It's the same with the eco-fanatics. They've also asked the god-like experts at the UN what they must to do to save the planet. Fly less often? Consider it done, we'll just get to Tuscany in future by driving through Europe in our air conditioned 4x4s. Carbon taxes? We'll write to our TDs straight away and demand that it be done.

What's that last bit? Give up meat? Seriously? And the climate change warriors did go away very sorrowful, for they had great love of bacon.

It's been the one effective way to separate the spoofers from those who are genuine about tackling climate change. If you're always demanding that something be done about global warming, but won't even change your own diet, then your every utterance on the subject should be discounted, because you're a hypocrite, you're just putting on a performance. And yes, Green Party, that means you.

Some of these people will quite happily advocate the complete overthrow of the global economic system by Wednesday afternoon at the latest to stop further environmental damage, only to baulk at being asked to give up meat, insisting that, well, it's actually much more complex than that and there's no need to be hasty. Imposters, every last one of them.

This latest report, published in the UK medical journal, The Lancet, probably goes too far in what it advocates. It would mean consumers eating the equivalent of half a meatball, one cocktail sausage and one and a half chicken nuggets a day, which would have been considered a feast in Ireland 50 years ago, when meat was much less prevalent in the national diet, but is unrealistic today, especially since the report also advocates cutting back radically on dairy.

Bord Bia was certainly right to call the report "overly simplistic", and to state that it fails to account for regional variations. Ireland is covered in grass. Turning that into protein by feeding it to cows, and then eating them, does make sense.

There's no point denying, though, that intensive farming does have a deleterious effect on the environment. Meat production takes up most of the available farmland globally, while accounting for just 18pc of the calories we eat, and it's only going to get worse as the world's population increases.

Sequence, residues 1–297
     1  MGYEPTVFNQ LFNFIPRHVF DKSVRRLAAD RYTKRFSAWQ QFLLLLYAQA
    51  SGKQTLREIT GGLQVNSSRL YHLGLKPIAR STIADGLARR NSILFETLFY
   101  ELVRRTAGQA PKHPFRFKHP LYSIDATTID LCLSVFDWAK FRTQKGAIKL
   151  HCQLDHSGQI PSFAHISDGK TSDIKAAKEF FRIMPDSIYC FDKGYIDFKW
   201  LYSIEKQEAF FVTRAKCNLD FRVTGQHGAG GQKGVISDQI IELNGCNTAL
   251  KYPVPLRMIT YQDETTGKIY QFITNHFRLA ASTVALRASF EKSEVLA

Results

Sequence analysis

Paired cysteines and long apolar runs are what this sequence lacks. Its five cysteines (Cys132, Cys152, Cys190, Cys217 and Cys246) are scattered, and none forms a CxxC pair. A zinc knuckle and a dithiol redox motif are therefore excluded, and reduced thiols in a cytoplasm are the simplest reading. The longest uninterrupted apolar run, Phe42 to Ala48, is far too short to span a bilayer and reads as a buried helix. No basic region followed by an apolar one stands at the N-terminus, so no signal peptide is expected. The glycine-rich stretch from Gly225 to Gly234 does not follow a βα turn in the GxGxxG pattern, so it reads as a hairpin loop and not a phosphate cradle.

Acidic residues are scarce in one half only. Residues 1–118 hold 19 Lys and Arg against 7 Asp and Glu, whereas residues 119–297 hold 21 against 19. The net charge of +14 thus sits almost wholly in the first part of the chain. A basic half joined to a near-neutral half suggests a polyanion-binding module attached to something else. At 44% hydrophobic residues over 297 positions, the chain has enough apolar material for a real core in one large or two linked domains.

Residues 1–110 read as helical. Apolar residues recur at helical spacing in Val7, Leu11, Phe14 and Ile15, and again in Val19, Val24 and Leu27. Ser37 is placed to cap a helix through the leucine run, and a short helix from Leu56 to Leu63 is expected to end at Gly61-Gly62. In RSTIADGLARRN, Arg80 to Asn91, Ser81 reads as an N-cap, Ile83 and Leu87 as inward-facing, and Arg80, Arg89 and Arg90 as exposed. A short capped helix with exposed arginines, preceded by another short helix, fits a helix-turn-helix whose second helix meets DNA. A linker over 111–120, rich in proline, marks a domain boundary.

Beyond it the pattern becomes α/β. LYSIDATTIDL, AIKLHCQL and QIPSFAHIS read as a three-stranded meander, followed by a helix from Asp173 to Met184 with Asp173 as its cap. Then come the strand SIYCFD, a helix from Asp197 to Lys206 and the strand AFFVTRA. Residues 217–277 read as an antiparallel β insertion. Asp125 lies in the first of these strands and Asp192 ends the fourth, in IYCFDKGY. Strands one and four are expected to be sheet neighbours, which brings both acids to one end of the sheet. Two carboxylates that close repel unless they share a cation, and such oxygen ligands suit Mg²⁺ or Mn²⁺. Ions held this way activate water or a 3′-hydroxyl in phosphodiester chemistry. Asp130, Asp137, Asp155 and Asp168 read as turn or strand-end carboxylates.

In truth, it won't make much difference what Ireland does. The burgeoning middle class in developing countries is increasingly able to enjoy luxury diets that were hitherto beyond their reach. That means more animals slaughtered than ever before - with the lowest estimates putting it at a staggering 56bn dead a year; that's 150m a day, and that's not even including fish - causing more greenhouse gasses to be released into the atmosphere than from every car, plane, train and ship combined. Shifting to a flexitarian diet, as it's called, would make agriculture hugely more productive.

At least Leo Varadkar is taking these warnings on board. Most consumers, perhaps daunted by the scale of the challenge, would rather turn a blind eye, trusting technology to ride to the rescue. To some extent, that is happening. Bord Bia has got behind the drive to "produce more from less", and Irish dairy farmers are already the most carbon-efficient in Europe, with beef farmers in the top five. The Taoiseach eventually acknowledged all this good that's being done, but only as an afterthought, which is definitely worrying.

Unlike Irish farming, saving the planet is in neither the Taoiseach's gift nor remit, but he still insisted to the Fine Gael parliamentary party meeting this week that climate change is "the next big progressive cause" they should be championing. Don't say we weren't warned.

The only hope is it's all an elaborate double bluff by the Taoiseach, by making vegetarianism so uncool that everyone rushes out and bulk buys Irish meat. Who'd want to belong to a club that would have someone like Leo for a member?